And let’s not forget the many people who work alongside the winemakers, the cellar dwellers and the green thumbs, the coopers and the steel makers, the potters and all the other support staff that bring the wine to life.

Just in time for summer, the pink and the light red…

20170804_133716.jpgIn southern hemisphere, summer is fast approaching. In Sydney, it’s peeking it’s head every few days before winter claims it’s rightful place yet again. While today might be a tad chilly, all of 11 degrees, next week is looking sunny and positively pink drinking weather!

Recently, I’ve had the pleasure to try some rose and pinot noir…

2016 Jacob’s Creek La Petit Rose

A: a deep salmon

N: attractive with inviting aromas of flowers, black cherry, strawberry jam and raspberries

P: this is a dry rose style, with some good acidity but lacking in what the nose promised. Simple fruit and one dimensional.

C: Good for quaffing, which is what it’s made for. Currently $18 at my local. Could be good for $10. Grapes or region not specified.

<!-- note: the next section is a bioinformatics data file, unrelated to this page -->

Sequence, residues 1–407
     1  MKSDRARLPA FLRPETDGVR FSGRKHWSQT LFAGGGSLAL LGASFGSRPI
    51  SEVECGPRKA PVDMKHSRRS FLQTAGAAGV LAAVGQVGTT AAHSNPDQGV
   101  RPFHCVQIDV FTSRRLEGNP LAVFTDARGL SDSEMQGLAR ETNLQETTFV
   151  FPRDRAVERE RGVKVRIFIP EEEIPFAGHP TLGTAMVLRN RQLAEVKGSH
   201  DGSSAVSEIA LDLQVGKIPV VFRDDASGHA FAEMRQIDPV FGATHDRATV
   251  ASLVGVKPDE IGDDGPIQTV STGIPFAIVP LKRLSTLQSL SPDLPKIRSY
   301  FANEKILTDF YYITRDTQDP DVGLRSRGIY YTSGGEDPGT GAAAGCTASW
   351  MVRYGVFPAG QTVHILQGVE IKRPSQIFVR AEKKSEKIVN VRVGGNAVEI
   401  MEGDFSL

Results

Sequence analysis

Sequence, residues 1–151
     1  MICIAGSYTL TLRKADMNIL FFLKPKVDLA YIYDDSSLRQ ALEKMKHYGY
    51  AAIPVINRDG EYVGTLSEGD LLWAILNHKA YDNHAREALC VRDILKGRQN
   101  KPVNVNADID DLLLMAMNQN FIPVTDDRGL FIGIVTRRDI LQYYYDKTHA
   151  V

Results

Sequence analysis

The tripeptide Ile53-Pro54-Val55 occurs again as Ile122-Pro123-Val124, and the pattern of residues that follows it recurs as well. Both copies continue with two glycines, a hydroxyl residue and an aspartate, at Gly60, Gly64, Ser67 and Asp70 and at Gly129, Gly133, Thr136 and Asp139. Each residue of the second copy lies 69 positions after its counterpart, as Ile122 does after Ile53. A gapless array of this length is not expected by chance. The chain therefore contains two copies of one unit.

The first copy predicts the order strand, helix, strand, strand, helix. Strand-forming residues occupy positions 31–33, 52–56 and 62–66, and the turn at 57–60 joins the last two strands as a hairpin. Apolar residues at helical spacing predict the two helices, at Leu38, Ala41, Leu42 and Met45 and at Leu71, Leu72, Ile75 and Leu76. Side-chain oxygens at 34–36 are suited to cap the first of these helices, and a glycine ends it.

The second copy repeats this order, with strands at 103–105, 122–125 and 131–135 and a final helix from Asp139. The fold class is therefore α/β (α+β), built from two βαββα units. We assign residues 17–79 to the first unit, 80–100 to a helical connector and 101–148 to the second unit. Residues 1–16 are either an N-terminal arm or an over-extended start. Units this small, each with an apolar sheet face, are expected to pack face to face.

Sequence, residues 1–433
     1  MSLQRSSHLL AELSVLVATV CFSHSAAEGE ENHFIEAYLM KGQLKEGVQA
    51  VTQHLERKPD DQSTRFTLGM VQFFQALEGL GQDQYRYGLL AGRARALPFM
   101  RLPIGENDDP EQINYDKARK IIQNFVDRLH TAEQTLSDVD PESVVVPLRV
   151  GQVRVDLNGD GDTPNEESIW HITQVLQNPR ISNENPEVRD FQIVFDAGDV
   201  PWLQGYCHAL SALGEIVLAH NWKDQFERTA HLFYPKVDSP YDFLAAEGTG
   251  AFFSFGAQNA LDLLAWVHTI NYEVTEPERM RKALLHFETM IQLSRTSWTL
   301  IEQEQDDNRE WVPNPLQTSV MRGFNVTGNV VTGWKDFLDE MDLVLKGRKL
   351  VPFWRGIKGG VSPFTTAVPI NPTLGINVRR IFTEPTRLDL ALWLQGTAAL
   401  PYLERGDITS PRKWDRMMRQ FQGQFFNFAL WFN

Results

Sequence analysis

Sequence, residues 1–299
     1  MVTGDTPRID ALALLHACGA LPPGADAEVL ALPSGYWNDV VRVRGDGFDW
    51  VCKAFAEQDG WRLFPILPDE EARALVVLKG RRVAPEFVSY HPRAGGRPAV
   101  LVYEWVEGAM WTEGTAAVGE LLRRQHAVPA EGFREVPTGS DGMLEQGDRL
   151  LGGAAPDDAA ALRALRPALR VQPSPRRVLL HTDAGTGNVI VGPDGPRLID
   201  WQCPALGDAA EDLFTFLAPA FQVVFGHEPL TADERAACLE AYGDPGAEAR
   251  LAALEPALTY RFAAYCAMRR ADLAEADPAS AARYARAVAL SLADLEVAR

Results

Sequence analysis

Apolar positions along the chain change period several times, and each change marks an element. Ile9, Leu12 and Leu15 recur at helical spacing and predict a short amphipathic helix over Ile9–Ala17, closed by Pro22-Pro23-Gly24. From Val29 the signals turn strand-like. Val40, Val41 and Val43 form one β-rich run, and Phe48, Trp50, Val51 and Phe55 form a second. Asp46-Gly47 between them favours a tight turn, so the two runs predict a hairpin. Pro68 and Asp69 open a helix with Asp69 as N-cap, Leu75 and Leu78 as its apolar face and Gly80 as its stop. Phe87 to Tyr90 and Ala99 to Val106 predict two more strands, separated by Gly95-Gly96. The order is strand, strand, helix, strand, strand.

2017 Taylors Estate Adelaide Hills Pinot Noir Rose

A: pale salmon

N: vibrant aromas of candied strawberries, fresh raspberries and grass

P: this is definitely dry, almost talcum with racy acidity and quite intense palate of raspberries, strawberries and some hints of ribena on the back end. There’s still that grassiness that was showing on the nose.

C: Good for quaffing. Would be really good on a Sunday with some friends. Great value and very session-able, $15 at my local on special.

2015 Mandela Yarra Valley Pinot Noir

A: ruby but with definite orange highlights